Goose Island State Park, Texas following Hurricane Harvey, a Cat 4 hurricane (August 25, 2017) © Rex Vogel, all rights reserved

Here’s what you need to know

Hurricane season is no joke. The devastating power of these twisting tropical storms is humbling—and it can change your life, or even end it, in a second. That’s why folks who live near the coastal areas most vulnerable to hurricanes carefully track each storm over the course of the season, even the small ones. It might just end up being a tropical depression that spins off harmlessly into the ocean but you just can’t be too careful when dealing with nature’s fury.

Goose Island State Park, Texas following Hurricane Harvey, a Cat 4 hurricane (August 25, 2017) © Rex Vogel, all rights reserved

Of course, that goes double, if not triple, for those of us who live or travel in a recreational vehicle. We’ll cut right to the chase: no matter what kind of rig you call home, an RV is not a safe place to ride out a hurricane. In fact, even tropical storms and smaller thunderstorms can cause serious and life-threatening damage to your home-on-wheels.

Nature’s fury has a knack of catching you off-guard; hurricanes are no exceptions. Hurricanes pack enough punch to destroy everything in their wake and in those times it is best to be prepared for an immediate evacuation. Tropical storms and hurricanes are unpredictable to a large extent and must not be treated lightly. Your RV can become your best friend and your ticket to safety if you take certain safety measures for yourself and your vehicle.

Rokport-Fulton, Texas following Hurricane Harvey, a Cat 4 hurricane (August 25, 2017) © Rex Vogel, all rights reserved

When you’re traveling by RV, the weather takes on a whole new level of importance. Motorhomes and travel trailers are not safe places to take shelter during extreme weather events which means it’s critical to stay up to date and alert about changing weather patterns and potentially severe weather warnings in your area. It’s not melodramatic to say that your life and the lives of your family could hang in the balance.

The Big Tree at Goose Island State Park, Texas stood firm during Hurricane Harvey, a Cat 4 hurricane (August 25, 2017). Your RV would not be this fortunate. © Rex Vogel, all rights reserved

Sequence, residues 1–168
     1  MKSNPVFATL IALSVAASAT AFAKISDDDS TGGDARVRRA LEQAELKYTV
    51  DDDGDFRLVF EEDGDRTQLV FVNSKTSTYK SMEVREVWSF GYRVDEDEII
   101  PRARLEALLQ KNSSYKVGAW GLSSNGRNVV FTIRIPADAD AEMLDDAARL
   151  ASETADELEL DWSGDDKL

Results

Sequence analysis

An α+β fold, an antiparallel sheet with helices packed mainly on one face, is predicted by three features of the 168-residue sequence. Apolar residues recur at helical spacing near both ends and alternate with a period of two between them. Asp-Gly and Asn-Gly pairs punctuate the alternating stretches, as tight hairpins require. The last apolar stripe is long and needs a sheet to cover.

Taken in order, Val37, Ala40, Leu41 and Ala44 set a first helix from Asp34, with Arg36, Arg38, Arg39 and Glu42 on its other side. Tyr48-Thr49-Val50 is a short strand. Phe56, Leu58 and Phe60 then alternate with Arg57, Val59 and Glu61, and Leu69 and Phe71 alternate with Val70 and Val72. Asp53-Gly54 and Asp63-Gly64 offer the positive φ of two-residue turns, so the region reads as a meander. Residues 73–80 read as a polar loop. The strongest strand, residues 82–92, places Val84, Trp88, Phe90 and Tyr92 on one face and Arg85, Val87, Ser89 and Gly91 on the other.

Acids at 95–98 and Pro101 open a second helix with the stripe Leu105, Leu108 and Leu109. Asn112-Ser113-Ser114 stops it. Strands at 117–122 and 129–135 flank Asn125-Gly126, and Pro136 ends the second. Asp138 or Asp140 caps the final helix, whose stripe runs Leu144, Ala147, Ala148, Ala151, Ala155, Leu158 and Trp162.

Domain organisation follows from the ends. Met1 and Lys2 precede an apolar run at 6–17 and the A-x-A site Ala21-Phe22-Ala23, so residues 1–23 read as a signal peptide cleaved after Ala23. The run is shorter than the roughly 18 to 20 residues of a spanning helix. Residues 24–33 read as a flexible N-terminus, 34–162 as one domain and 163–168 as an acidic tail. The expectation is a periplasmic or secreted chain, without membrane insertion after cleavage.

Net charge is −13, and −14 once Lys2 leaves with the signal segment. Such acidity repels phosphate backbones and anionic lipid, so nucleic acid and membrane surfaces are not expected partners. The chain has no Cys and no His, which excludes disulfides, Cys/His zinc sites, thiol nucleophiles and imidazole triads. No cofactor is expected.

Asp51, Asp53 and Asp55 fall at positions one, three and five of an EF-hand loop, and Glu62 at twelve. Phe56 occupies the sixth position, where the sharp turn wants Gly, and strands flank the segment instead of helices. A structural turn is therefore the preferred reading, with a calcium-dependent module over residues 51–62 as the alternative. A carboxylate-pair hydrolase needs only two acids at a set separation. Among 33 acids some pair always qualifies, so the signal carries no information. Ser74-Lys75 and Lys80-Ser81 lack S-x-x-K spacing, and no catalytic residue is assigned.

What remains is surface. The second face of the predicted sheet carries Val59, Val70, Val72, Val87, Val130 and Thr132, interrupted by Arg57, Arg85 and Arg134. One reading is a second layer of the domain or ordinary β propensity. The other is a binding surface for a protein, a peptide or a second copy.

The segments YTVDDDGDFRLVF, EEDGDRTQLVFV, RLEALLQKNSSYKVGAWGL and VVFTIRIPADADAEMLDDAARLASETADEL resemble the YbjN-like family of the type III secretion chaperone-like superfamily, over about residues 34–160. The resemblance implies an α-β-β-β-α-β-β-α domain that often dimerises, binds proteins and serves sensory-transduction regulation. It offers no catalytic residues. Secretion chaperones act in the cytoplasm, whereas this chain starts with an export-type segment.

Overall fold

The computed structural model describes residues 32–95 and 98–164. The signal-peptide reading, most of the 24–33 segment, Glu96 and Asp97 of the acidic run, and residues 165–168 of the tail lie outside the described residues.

Fortunately, the same feature that makes RVs an unsafe place to weather a storm makes it relatively easy to avoid bad weather in the first place: they’re on wheels! Evacuation is the key to surviving a hurricane in an RV. It may actually take days to reach a safe destination. In addition, the path of the storm may change requiring you to change directions.

Don’t wait too long and get stuck in heavy traffic with last-minute, mandatory evacuees. As soon as you know a hurricane is likely to come your way, load up your RV and head out before the Interstate becomes a virtual parking lot.

Rokport-Fulton, Texas following Hurricane Harvey, a Cat 4 hurricane (August 25, 2017) © Rex Vogel, all rights reserved

Prepare an emergency kit by stocking your RV with items such as water, non-perishable foods, and prescription medications. Before the storm, fill your vehicle with fuel and check the windshield wipers and tires. Place your RV and house insurance documents, vehicle registration, title, passport, and other important documents in a waterproof bag and keep them with you.

Keep handy items such as tarps, flashlights and extra batteries, candles and extra lighters or waterproof matches, disposable garbage bags, NOAA Weather Radio, first aid kit, and a toolkit ready at all times.

Goose Island State Park, Texas following Hurricane Harvey, a Cat 4 hurricane (August 25, 2017) © Rex Vogel, all rights reserved

According to News4Jax Insider, your first aid kit should include sterile adhesive bandages, sterile gauze pads, hypoallergenic adhesive tape, triangular bandages (3), sterile roller bandages, antibiotic ointment, scissors, tweezers, needle, moistened towelettes, antiseptic, thermometer, tongue blades (2), a tube of petroleum jelly or another lubricant, assorted sizes of safety pins, cleansing agent/soap, latex gloves (2 pairs), sunscreen, bug repellent, Tylenol or other pain relievers, anti-diarrhea medication, antacid, syrup of Ipecac (use to induce vomiting if advised by the Poison Control Center) and laxatives, activated charcoal (if advised by the Poison Control Center), bottled water and additional sterilizing liquids (alcohol and acetone).

Stay safe out there! Remember, run from the water and hide from the wind.

Worth Pondering…

In reality, you don’t ever change the hurricane. You just learn how to stay out of its path.     

—Jodi Picoult